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Explore the ways in which Mc Ewan presents obsession in Enduring love.

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Siscee Charles Explore the ways in which Mc Ewan presents obsession in Enduring love Jed Parry is not the only obsessive character in Enduring Love, Mc Ewan is also interested in the obsessions of Joe and Clarissa. Parry is obsessed with Joe. His obsession emerges shortly after the death of John Logan. His first obscene encounter with Joe is when he sees him standing in the field of the scene of accident, in front of Logan's body. "He stood with his hands resting on his hips staring not at Logan, but at me." This evidently tells us as readers that Parry's obsession with Joe begins here in front of the mutilated body which he pays no attention to. Instead he is in a way sussing out Joe and taking a deeper interest into him. Joe on the other hand is obsessed with Science but with Parry at the same time. "The rationalist cracks at last!" Clarissa uses the term "rationalist" to reflect Joe's personality and the ways in which he is dedicated to Science. We can also tell that Joe is obsessed with Science because he mixes Science with his personal life. ...read more.


This helps readers to piece together missing parts of the jigsaw, giving them a full view of each of the characters obsessions. Another familiar technique used to present characters is when he shows characters repeating or having flash backs on encountered events. "I recall me incoherent feelings the day before when I had run out into St. James square looking for Parry. Then he represented the unknown, into which I projected all kinds of inarticulate terrors. Now I consider him to be a confused and eccentric young man who couldn't look me in the eye," This technique is useful in showing readers how characters tend to play things back in their mind to try and make sense of them to perhaps set their mind at ease. One other strategy Mc Ewan uses is leading the reader into a situation then when the reader becomes accustom and in a way trusts and believes the character, he gives them a reality check. This results in the reader questioning them self on how much they really believe the character. "His writing looks rather like yours" here we can see that Clarissa is not totally convinced that Parry is stalking Joe, she is implying that he may have written the letters himself. ...read more.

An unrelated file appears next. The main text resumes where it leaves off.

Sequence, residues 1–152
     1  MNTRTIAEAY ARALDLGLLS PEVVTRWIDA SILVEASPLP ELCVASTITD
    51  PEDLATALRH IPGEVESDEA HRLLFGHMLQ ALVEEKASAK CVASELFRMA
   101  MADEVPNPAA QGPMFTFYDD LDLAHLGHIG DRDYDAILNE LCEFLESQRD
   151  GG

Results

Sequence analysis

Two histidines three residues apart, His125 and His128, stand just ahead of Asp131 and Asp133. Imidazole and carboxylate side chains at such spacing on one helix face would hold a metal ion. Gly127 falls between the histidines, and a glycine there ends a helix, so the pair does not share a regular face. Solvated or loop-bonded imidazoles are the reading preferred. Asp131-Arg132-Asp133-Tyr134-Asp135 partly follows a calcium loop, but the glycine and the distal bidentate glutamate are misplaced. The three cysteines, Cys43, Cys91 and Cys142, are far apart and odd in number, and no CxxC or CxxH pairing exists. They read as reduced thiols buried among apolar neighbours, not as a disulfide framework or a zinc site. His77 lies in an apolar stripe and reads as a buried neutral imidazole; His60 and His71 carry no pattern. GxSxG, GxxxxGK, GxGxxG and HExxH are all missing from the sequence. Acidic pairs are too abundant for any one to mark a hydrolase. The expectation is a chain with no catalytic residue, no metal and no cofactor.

At first we thought that he had some kind of religious love for Joe but later on our minds changed to thinking he may be gay. "I praise God that he has sent me to you. I know there is difficulty and pain ahead of us, and in the long run it will bring us to even greater joy." This is an example of an understandably religious love we thought Parry had for Joe in the early scenes f the story. As his love grew greater for Joe we had to reconsider whether this was true or not. "I closed my eyes and see you as you were last night, in the rain across from me, with the unspoken love between us as strong as a steel cable." I also think that Mc Ewan is successful in drawing the reader's attention towards the obsessions in the book. He connects each part of the book with the use of words that equal similar meanings e.g.: crack and broken. This triggers recent scenes in the readers mind, reminding them of previous events. The reason why he may be doing this may be to help the reader remember important parts of the story which link up to obsessions between characters and may be also justifies certain parts of their personality. ...read more.

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